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G. Schaison and J. Metzger

ABSTRACT

Twelve patients (10 women and 2 men) with a primary empty sella turcica were studied. Endocrine function tests were performed as follows: growth hormone (GH) was measured after insulin-induced-hypoglycaemia, luteinizing hormone (LH) and follicle-stimulating hormone (FSH) after LH-releasing hormone, thyrotrophin (TSH) and prolactin after thyrotrophin-releasing hormone; pituitary reserve of adrenocorticotrophin (ACTH) was determined by measurement of plasma cortisol after lysinevasopressin and 11 deoxycortisol after metyrapone.

Five of the patients (group A) had no endocrine disturbance.

Seven patients (group B) had a hypothalamo-pituitary disorder. Two of them had panhypopituitarism which appeared in one case after meningoencephalitis and in the other after a severe cranial trauma. In two cases an amenorrhoea-galactorrhoea syndrome with increased prolactin level (68 and 230 ng/ml) led to a diagnosis of a prolactin producing adenoma, which was confirmed by surgery. Finally three cases of amenorrhoeagalactorrhoea, with normal prolactin level, and/or diabetes insipidus remained unexplained. However, no causal relationship could be demonstrated between the pituitary disturbance and the "empty sella".

Primary empty sella turcica is therefore a neuroanatomical and neuroradiological entity with no endocrine implication. A pituitary disorder might suggest a microadenoma or an incidentally associated disease.

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G. Schaison, F. Durand and I. Mowszowicz

ABSTRACT

ACTH decreases plasma testosterone levels in men. The aim of this study was to assess the part played by the glucocorticoids in this effect, and the mechanism of their action. Plasma androstenedione, testosterone, cortisol and LH were measured in 8 normal men, before and after the following tests: ACTH stimulation (2 mg im), metyrapone administration (500 mg/every 4 h/6 times) and dexamethasone suppression (8 mg/day/3 days). In addition, androstenedione and testosterone were evaluated under human chorionic gonadotrophin (5000 IU HCG/day/3 days) before and after dexamethasone suppression (8 mg/day/6 days).

In all patients, ACTH decreased plasma testosterone from 5.87 ± 1.59 (sd) ng/ml to 3.06 ± 0.8 (sd) ng/ml (P < 0.001). In contrast, after metyrapone, the mean plasma testosterone was increased to 6.98 ± 1.75 (sd) ng/ml. This increase, though not statistically significant, was observed in all patients but one. Both tests resulted in a significant increase of plasma androstenedione (P < 0.01 and P < 0.001, respectively). Dexamethasone suppressed both testosterone and androstenedione levels. None of the three tests had a significant effect on the LH concentration. HCG injection increased the mean plasma testosterone to 11.46 ± 2.80 ng/ml. Dexamethasone significantly depressed (P < 0.01) the testosterone response to HCG.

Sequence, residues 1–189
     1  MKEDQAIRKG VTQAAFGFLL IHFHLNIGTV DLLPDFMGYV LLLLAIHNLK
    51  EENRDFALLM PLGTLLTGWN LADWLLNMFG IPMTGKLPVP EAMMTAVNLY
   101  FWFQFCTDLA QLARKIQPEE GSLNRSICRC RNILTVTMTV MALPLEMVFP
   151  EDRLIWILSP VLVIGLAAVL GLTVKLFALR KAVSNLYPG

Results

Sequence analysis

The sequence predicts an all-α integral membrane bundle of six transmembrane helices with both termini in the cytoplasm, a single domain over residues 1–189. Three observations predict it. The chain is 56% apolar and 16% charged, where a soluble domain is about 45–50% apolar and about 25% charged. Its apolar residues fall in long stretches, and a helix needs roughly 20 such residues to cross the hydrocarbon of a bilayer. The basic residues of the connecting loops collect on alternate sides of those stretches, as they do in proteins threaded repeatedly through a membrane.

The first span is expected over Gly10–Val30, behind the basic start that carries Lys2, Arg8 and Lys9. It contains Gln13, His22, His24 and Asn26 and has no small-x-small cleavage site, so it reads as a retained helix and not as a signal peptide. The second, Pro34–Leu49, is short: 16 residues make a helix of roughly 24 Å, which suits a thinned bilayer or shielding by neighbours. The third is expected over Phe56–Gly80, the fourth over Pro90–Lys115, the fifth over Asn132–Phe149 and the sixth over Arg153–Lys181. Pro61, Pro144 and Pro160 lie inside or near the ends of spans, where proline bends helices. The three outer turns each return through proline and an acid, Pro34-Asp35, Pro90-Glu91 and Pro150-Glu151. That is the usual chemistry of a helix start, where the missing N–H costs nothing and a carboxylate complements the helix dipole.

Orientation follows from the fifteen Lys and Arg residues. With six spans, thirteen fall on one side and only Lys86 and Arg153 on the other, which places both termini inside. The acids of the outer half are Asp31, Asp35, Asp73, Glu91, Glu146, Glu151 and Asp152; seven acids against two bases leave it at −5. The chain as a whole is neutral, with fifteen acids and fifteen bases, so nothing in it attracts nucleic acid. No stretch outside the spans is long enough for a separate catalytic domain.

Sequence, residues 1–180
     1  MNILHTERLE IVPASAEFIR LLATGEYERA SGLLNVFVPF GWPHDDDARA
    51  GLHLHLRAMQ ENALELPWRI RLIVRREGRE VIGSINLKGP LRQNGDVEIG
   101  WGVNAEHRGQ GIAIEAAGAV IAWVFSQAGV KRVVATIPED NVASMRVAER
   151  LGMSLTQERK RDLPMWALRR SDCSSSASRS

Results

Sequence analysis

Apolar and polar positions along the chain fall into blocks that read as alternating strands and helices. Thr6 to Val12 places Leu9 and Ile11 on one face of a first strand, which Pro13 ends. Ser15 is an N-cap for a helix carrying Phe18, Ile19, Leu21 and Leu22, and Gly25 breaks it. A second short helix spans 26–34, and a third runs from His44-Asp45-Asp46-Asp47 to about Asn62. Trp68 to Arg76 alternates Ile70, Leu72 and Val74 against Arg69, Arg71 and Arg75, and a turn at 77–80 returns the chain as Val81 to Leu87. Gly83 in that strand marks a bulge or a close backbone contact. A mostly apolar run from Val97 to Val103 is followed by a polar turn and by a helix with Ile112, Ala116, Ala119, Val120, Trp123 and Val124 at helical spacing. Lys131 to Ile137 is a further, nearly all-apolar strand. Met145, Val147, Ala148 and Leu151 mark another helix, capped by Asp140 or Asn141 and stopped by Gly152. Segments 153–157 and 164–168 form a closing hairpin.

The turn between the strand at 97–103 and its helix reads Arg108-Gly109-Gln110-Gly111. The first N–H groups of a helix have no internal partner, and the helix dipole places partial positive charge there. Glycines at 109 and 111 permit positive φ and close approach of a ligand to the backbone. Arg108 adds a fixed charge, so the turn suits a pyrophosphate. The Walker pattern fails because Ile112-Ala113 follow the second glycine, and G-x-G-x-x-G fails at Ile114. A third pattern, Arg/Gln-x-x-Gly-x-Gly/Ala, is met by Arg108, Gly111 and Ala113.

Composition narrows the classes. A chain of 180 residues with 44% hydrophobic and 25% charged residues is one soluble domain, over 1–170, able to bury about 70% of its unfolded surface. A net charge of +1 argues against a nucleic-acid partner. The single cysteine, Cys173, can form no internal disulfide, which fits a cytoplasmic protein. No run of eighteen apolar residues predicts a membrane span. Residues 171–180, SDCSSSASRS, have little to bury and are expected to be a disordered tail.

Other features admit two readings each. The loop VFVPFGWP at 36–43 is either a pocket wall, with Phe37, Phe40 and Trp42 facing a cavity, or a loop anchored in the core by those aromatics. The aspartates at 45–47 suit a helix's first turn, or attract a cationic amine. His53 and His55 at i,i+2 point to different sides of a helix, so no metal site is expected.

These data are consistent with the following conclusions: 1) The decrease of plasma testosterone levels, observed in men after ACTH administration, is not observed after metyrapone induced ACTH increase. This confirms that it is related to cortisol levels rather than to ACTH itself. 2) Glucocorticoids act directly on testicular biosynthesis since they do not induce any change in LH secretion and since dexamethasone reduces testosterone response to HCG.

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G. Schaison, P. Thomopoulos, D. Leguillouzic, G. Thomas and M. Moatti

Abstract. To investigate the respective role of triiodothyronine (T3) and thyroxine (T4) in the regulation of TSH secretion, we studied the action of sodium ipodate and propylthiouracil (PTU) in 11 athyreotic patients. The lT4 replacement dose was adjusted to obtain, in each patient, a normal basal TSH level and a normal TSH response to TRH. In the 5 ipodate-treated patients (single 6 g oral dose), the mean serum T3 level fell by 64% below the baseline value and serum rT3 rose 180% above the baseline. The free T4 index (FT4I) did not change whereas the mean serum TSH concentration increased 280% above baseline values. In the 6 PTU-treated patients (250 mg orally every 6 h for 10 days), serum T3 levels fell 33%, serum rT3 increased up to 82% and the FT4I did not change. The mean serum TSH concentration increased 68% above the baseline value. Thus, the mean percentage increase in serum TSH was less in PTU- than in ipodate-treated patients (68% vs 280%). Statistical analysis of the correlation between the serum T3 decrease (ΔT3) and the serum TSH (ΔTSH) increase demonstrated that for the same T3 diminution, the ipodate-treated group displayed higher increase of TSH than the PTU-treated patients. In the rat, PTU interferes with the 5'-deiodination of T4 in the liver and kidney but not in the pituitary, while ipodate appears to have the same effect in all tissues. If this holds true for human subjects, our data strongly suggest that circulating T4 (through its intrapituitary conversion to T3) shares with serum T3 the capacity to regulate TSH secretion in man.